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Limulus eye study, showing the effect of a step-increase in illumination to ommatidium "A". Modified from [72].
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Figure 21: Limulus eye study, showing the effect of a step-increase in illumination to ommatidium "A". Modified from [72].

Mentions: "Fusion-memory" needs be compared with the memory that occurs when the stimuli are separated by 150 ms or more (the number 150 is arbitrarily chosen to be larger than 100 ms, to avoid contentious arguments about alpha waves that may distract from this exposition). We will call this second memory "flash-memory" because the presentation that initiates it "comes and goes in a flash". Thus, brief auditory stimuli can also generate "flash-memory". A stimulus that is a step-function change probably generates a combination of flash-memory (transient) and fusion-memory (new steady-level), such as that shown in the firing rate for Cell "A" in Fig. 21R, relative to the step-increase in light. Thus, we hypothesize that the CNS response to the PNS activity indicated by Cell "A"'s firing rates will be different for the peak of differing spike-intervals at the onset of the step, as compared with the CNS response to the more uniform firing after adaptation to the new intensity. The CNS difference we imagine is that the changing firing rate corresponds to "Figure" whereas the more uniform rate corresponds to "Ground". Note that "Ground" takes some time to stabilize (after adaptation of the sensory ending's response to the step), which could correspond to the time for the subSTZ waveform to morph into the supraSTZ waveform.


Human sensory-evoked responses differ coincident with either "fusion-memory" or "flash-memory", as shown by stimulus repetition-rate effects.

Jewett DL, Hart T, Larson-Prior LJ, Baird B, Olson M, Trumpis M, Makayed K, Bavafa P - BMC Neurosci (2006)

Limulus eye study, showing the effect of a step-increase in illumination to ommatidium "A". Modified from [72].
© Copyright Policy - open-access
Related In: Results  -  Collection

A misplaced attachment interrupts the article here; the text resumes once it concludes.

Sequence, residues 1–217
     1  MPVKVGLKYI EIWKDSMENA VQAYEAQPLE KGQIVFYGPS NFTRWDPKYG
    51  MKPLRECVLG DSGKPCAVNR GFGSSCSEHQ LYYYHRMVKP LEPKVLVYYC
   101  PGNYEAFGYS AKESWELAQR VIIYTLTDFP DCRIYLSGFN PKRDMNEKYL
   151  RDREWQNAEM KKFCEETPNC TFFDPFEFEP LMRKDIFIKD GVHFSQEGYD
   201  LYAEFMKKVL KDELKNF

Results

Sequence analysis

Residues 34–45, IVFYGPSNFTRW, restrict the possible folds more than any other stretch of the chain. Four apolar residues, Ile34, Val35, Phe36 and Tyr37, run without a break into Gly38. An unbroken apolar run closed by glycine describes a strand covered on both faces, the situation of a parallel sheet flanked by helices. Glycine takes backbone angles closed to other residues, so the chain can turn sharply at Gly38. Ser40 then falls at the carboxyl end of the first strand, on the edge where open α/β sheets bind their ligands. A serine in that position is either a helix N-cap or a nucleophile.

License
Show All Figures
getmorefigures.php?uid=PMC1483834&req=5

Figure 21: Limulus eye study, showing the effect of a step-increase in illumination to ommatidium "A". Modified from [72].
Mentions: "Fusion-memory" needs be compared with the memory that occurs when the stimuli are separated by 150 ms or more (the number 150 is arbitrarily chosen to be larger than 100 ms, to avoid contentious arguments about alpha waves that may distract from this exposition). We will call this second memory "flash-memory" because the presentation that initiates it "comes and goes in a flash". Thus, brief auditory stimuli can also generate "flash-memory". A stimulus that is a step-function change probably generates a combination of flash-memory (transient) and fusion-memory (new steady-level), such as that shown in the firing rate for Cell "A" in Fig. 21R, relative to the step-increase in light. Thus, we hypothesize that the CNS response to the PNS activity indicated by Cell "A"'s firing rates will be different for the peak of differing spike-intervals at the onset of the step, as compared with the CNS response to the more uniform firing after adaptation to the new intensity. The CNS difference we imagine is that the changing firing rate corresponds to "Figure" whereas the more uniform rate corresponds to "Ground". Note that "Ground" takes some time to stabilize (after adaptation of the sensory ending's response to the step), which could correspond to the time for the subSTZ waveform to morph into the supraSTZ waveform.